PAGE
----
In the 10 years since storied investment bank Lehman Brothers
collapsed, sending shock waves through the world of international finance and sparking a lengthy global financial crisis, what is perhaps most surprising to many observers is that so little has changed. The genuine changes are, however, under the surface — and those too need to be examined carefully to see if they still retain their usefulness and significance as crisis resolution becomes less of a priority. On the face of it, the financial sector has paradoxically changed the least. There are still institutions that are “too big to fail”, skewing incentives and threatening public money if they ever become unstable. The top five banks in the US, for example, still control almost half of banking assets in that country.
The primacy of Wall Street in the world of global finance, in spite of the fact that the errors started there and in the City of London, has also not changed. The continuing power in the world economy
of the sector, companies and individuals who caused the last crisis is disquieting. Naturally, that disquiet is only enhanced by the fact that there has been very little punishment handed out for the crisis. No high-profile banker has been sent to jail for fraud, in spite of credible accusations of mis-selling in the lead-up to the crisis. Instead, compensation has, on average, continued to grow. Meanwhile, public debt grew as governments absorbed the errors that the private sector had made.
This apparent lack of change in the financial sector has led to a political backlash. “Wall Street vs Main Street” narratives have taken hold not just in America but in the rest of the world. Global finance is now seen as a threat to national cohesion and to solidarity. In fact, US President Donald Trump’s former chief strategist Steve Bannon has explicitly argued that his father’s loss of his life’s savings in the 2008 crash contributed directly to his own radicalisation, which has helped shape Mr Trump’s “America First”, anti-globalisation agenda. The retreat from globalisation in the West is partly a backlash against finance, as well as against the trans-national “experts” who didn’t prevent the crisis. Meanwhile, globalisation’s defence falls to the government of the People’s Republic of China, which believes itself ideologically empowered by the apparent failure of the Western system. This broad political trend is deeply worrying for countries like India that need a transparent, equitable and open global economy to ensure their own continuing development.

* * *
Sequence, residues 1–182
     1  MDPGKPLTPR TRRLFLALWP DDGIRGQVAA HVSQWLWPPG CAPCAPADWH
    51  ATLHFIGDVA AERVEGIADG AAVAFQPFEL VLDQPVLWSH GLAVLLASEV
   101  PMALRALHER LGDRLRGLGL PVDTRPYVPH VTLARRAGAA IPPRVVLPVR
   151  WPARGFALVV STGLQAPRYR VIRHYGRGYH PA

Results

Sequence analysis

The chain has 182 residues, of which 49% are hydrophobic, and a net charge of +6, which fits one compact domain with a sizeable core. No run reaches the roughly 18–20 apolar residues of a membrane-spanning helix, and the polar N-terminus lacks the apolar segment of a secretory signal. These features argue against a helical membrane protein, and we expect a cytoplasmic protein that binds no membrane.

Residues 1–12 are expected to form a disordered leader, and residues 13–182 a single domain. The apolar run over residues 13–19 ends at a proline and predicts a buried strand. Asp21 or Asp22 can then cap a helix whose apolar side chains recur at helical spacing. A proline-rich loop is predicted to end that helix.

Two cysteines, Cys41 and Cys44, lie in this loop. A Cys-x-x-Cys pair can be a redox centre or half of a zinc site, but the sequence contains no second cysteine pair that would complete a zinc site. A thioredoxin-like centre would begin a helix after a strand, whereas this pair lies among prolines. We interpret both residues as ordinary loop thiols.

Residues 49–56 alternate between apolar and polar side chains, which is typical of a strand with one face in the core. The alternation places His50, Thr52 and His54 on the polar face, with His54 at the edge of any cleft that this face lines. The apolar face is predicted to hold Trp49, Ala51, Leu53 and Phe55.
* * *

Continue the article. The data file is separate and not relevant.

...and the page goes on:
Finally, the general narrative that finance has not changed in large part is flawed in several respects, and these too need to be kept in mind. The growth of extraordinary monetary policy measures, alongside greater regulation, has meant that finance has abandoned its duty to examine and price risk for speculation on the future direction of such measures. Banks’ search for growth, especially in the developing world, has largely ended, and handed off instead to high-value hedge funds and private equity firms. This means that Indian companies find it difficult to access global bank finance, relying instead on the equity markets, high-value investors or local resources. This is a big change since 2008, and lies at the root of India’s current capital funding crunch. The development cost of the response to 2008, and not just the crisis, needs to be properly evaluated.